Goldman Sachs email trawl highlights data deluge

Date: 29 Mar 2012


Goldman Sachs today announced an investigation into its corporate email following accusations from a former employee that there is a “toxic and destructive” culture, for example, employees referring to clients as “muppets”. The inquiry will see its 30,000 staff have their email examined – a massive undertaking that will test both the speed and scope of the firm’s IT systems capabilities.

Spencer Allingham, technical director at IT optimisation specialist, Condusiv, offers the following comment on the strain investigations such as these may impose on IT infrastructures, given the current climate of ever-increasing data:

“While investigating emails to tap into corporate culture will undoubtedly be revealing for the organisation, the sheer amount of work to recover past or deleted emails will be a vast drain on time and money if appropriate technology is not in place. In addition to this, the tightening budgets that have become increasingly common, mean that little investment has been made in improving the performance of data access in IT systems. For many IT departments it is a constant struggle to find the budget to update systems and improve efficiency, and it is at times like these that poor infrastructures are exposed, and can cause reputational damage, even putting companies head to head with legislation, if the investigation is a legal requirement.”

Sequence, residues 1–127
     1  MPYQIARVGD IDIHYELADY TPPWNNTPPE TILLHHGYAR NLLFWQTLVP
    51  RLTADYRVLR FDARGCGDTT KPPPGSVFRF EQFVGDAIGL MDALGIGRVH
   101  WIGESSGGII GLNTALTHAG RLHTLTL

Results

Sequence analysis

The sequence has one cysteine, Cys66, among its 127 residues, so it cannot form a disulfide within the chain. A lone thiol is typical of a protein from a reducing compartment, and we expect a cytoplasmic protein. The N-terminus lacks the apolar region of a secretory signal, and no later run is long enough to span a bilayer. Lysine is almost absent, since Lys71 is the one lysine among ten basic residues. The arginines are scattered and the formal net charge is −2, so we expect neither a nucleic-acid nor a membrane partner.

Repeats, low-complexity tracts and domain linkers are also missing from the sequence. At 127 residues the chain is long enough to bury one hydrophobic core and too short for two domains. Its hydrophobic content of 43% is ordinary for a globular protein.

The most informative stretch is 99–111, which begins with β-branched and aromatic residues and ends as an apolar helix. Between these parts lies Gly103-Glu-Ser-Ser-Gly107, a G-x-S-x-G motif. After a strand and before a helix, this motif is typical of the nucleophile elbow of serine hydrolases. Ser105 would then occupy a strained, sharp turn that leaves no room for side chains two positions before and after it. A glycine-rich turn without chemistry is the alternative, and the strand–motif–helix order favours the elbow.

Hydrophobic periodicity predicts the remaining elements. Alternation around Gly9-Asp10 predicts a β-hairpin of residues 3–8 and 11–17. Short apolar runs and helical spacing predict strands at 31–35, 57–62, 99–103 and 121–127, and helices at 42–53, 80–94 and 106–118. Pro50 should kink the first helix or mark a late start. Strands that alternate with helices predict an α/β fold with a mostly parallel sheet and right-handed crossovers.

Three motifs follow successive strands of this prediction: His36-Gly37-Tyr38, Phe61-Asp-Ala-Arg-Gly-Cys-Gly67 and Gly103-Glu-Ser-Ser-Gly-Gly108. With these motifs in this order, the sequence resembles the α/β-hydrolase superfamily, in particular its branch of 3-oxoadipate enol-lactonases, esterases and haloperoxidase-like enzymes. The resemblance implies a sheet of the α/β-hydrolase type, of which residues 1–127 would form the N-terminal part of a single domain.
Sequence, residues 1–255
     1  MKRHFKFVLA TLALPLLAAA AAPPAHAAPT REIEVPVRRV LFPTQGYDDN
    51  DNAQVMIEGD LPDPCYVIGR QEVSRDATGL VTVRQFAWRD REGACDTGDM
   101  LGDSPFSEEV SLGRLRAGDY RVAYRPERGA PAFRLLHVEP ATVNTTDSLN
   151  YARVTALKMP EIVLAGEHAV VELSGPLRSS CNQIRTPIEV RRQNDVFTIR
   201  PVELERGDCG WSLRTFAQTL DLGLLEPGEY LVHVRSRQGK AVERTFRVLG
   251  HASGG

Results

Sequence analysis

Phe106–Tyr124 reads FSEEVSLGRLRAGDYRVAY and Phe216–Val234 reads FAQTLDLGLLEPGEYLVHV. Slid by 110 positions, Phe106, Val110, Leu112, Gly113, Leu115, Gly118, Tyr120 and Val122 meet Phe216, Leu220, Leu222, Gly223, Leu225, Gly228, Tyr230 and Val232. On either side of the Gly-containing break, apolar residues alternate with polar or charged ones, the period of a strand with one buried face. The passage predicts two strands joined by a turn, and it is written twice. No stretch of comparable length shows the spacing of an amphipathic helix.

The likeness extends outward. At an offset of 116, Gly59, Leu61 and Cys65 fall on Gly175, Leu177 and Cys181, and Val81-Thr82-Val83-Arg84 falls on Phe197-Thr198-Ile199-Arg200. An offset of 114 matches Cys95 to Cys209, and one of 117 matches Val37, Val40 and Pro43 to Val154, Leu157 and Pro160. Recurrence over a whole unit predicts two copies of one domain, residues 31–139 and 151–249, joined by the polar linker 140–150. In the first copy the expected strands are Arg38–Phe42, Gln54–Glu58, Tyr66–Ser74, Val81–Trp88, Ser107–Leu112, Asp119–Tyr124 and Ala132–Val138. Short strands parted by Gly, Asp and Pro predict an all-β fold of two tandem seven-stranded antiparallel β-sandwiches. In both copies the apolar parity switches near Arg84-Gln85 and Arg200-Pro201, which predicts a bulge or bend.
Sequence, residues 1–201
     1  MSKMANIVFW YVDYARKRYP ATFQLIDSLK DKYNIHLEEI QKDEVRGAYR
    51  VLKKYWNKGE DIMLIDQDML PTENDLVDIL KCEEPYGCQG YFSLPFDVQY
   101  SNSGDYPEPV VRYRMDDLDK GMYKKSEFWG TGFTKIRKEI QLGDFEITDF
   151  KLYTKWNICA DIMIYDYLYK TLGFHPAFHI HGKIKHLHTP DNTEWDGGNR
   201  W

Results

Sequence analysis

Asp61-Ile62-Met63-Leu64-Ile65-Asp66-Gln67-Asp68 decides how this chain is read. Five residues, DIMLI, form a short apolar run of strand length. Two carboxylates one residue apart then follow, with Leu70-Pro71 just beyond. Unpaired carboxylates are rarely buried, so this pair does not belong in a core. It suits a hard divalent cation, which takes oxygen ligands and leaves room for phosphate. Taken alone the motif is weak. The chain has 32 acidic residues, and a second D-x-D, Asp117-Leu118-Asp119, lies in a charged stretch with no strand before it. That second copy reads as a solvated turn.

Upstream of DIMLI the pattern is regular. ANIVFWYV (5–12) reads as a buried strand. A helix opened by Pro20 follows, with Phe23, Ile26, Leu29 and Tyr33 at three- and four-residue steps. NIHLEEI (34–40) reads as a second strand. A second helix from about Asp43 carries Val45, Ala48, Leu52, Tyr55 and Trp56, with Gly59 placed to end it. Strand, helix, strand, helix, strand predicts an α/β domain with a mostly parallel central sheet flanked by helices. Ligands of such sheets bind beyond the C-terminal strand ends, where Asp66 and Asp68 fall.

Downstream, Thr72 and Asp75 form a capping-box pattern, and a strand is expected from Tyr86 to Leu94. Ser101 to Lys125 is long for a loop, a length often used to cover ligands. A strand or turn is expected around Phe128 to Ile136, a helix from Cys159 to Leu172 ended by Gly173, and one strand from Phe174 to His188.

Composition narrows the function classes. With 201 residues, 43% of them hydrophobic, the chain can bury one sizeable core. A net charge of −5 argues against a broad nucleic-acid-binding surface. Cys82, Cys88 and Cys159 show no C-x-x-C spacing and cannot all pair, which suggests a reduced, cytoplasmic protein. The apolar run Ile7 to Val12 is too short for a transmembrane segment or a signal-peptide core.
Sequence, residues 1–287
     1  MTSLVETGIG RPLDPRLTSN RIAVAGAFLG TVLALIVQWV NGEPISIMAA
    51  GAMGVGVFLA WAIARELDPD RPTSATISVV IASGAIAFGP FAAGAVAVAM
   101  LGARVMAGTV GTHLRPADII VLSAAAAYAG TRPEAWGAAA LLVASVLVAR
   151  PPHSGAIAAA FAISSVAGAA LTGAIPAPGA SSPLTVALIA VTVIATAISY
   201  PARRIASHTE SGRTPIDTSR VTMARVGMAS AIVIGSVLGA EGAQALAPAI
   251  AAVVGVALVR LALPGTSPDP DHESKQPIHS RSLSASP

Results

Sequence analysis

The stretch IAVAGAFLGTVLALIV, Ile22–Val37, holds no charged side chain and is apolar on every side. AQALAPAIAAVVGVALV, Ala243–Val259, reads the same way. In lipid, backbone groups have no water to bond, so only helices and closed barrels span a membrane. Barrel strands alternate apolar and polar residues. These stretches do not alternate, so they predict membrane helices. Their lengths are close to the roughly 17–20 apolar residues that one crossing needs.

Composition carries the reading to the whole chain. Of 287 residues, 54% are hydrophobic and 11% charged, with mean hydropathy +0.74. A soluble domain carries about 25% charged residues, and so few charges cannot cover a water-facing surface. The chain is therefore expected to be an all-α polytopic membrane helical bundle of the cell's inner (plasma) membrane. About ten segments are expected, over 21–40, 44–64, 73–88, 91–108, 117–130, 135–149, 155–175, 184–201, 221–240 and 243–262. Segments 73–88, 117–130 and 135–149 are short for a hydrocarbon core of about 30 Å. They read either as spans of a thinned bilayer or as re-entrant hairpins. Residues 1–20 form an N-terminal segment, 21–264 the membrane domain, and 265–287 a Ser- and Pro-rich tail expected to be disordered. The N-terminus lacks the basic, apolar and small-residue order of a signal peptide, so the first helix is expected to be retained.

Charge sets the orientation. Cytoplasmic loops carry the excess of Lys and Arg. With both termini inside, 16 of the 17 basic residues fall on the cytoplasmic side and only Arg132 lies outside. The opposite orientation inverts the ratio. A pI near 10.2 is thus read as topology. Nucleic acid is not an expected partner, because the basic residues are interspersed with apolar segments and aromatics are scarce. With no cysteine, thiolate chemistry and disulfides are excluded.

“The recent climate of Big Data and virtualisation has only extrapolated the issue of controlling the data deluge common to most corporate environments. Data now varies in content, sensitivity, form and also in how it’s stored, but as investigations such as the Goldman Sachs case proves, speed is key and access to data needs to occur irrelevant of changes in the IT infrastructure. It is therefore critical that IT departments see the trend of email investigations on the horizon and prepare their IT systems accordingly. Firms need to have the right technology in place to be able to steer clear of unnecessary complexity in such investigations, which threaten to compromise the core of their business. Essentially, inadequate technology could waste valuable time, and that is time taken away from customers which could ultimately cost an enterprise on the bottom line.”

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